Also, the "uniforms" that some of them wear trying to emulate the youth of the 40's and 50's but then rocking chain drive wallets and covered with tats, especially the women. Oh well, it could be worse. They all could be "ricers"! :eek::D
     
  4. Greg Rogers
    Joined: Oct 11, 2016
    Posts: 408

    Greg Rogers
    Member

    I love the old pics that are on this site. You can tell the age of the pic by lots of things, the style of the car, clothing, houses, etc,etc. But the only thing you can't tell the period of is the pets... Yes, a 1950's Lab looks the same as a 2000's Lab.
     
  5. I am the OP and turned 18 and graduated high school in 2000. My family was oval trackers going back to the late 30s. Everything from track operations, crew members, drivers, and my father built several chassis. However by the time I was old enough to race (16) the expense was too great. Even being able to build a chassis and doing my own engine assembly was far out weighed by buying infinite combinations of shocks, tries and gas every week and that the guys with commercially built chassis tech support where myself and my dad would be on our own. Plus the fact the cars where built by 2 or 3 manufacturers they all looked the same!

    Same goes for the muscle cars or resorted cars in late 90s-early 2000s, everyone wanted a factory over restored cars.
    Period correct modifications on a big block Chevelle were taboo and frowned on!

    I was drawn to period correct hot rod because if you wanted one you had to build it! Plus the parts to build these style car were fairly cheap who in the hell would want a flathead with a 39 Ford transmission and a V8 quick change rear, a Weiand Drag Star intake for a 324 Olds, or a Roto Faze distributor for a 331 Cadillac!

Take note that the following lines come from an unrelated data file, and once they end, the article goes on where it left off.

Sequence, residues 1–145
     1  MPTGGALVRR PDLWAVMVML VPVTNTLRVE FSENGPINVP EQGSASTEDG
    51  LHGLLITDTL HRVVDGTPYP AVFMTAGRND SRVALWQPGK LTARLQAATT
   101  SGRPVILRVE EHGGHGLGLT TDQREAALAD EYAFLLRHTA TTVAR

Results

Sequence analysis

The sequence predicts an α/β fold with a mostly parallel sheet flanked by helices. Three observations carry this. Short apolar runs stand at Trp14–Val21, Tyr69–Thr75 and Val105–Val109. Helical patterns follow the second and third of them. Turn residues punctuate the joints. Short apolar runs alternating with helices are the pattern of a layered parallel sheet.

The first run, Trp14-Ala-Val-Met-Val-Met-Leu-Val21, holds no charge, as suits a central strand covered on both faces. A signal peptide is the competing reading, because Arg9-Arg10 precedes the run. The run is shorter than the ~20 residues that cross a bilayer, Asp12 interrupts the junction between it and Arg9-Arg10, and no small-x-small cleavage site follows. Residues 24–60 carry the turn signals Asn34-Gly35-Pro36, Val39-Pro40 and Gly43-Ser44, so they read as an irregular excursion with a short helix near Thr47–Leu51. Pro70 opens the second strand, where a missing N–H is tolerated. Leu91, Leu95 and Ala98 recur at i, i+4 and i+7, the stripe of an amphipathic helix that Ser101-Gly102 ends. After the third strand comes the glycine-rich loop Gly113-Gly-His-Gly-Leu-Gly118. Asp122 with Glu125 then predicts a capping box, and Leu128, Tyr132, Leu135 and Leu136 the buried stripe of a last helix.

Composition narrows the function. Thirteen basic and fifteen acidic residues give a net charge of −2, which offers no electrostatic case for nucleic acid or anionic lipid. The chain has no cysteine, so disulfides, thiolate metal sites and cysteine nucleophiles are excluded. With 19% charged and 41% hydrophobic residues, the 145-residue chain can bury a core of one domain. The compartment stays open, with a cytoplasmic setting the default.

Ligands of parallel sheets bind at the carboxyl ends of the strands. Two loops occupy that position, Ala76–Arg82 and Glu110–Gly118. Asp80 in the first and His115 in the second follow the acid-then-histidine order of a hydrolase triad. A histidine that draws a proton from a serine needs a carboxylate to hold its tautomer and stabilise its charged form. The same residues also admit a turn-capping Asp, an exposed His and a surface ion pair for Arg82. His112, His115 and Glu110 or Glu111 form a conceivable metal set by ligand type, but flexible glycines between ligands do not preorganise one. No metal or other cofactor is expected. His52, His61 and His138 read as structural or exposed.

I don't get carried away picking apart others cars, however just be because I was born yet doesn't mean I don't what parts were available in the era.

    An example if someone want to builds a 40s style hot rod it couldn't have small block Chevy and be period correct the engine would stand out like a sore thumb, now if someone wanted to build a 40s style car that looked like it was up dated in the mid to late 50's put a S.B.C., latter gauges, latter steel wheels.
     
    Last edited: Nov 27, 2020
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  6. mike bowling
    Joined: Jan 1, 2013
    Posts: 3,556

    mike bowling
    Member

    I saw my first hot rod in the late ‘50 s when I was around 10.
    It was a Model A roadster that a kid down the street had in his fathers garage. I used to sneak in and just stare at it until they’d come out at tell me to get the hell out.
    Skip ( the owner) was a few years older than me, a lot bigger, and had a “ flat top” haircut. He scared the crap out of me! But he was friends with my older sister, so I escaped death on many occasions peeking into the garage.
    No tats, no umbrella girls, no fancy paint jobs, used tires, blanket upholstery, just bare bones fun hauled out of the junkyard or given by a neighbor where it had been sitting behind their house.
    Nobody had any money. Shit was drilled and bolted, or gas welded with wire coat hangers you stole from the Dry Cleaners trash.
    Parts you didn’t have would show up eventually- usually by going to the bone yard on Saturday, throwing shit over the back fence, and returning for it Saturday night ( Midnight Auto Supply).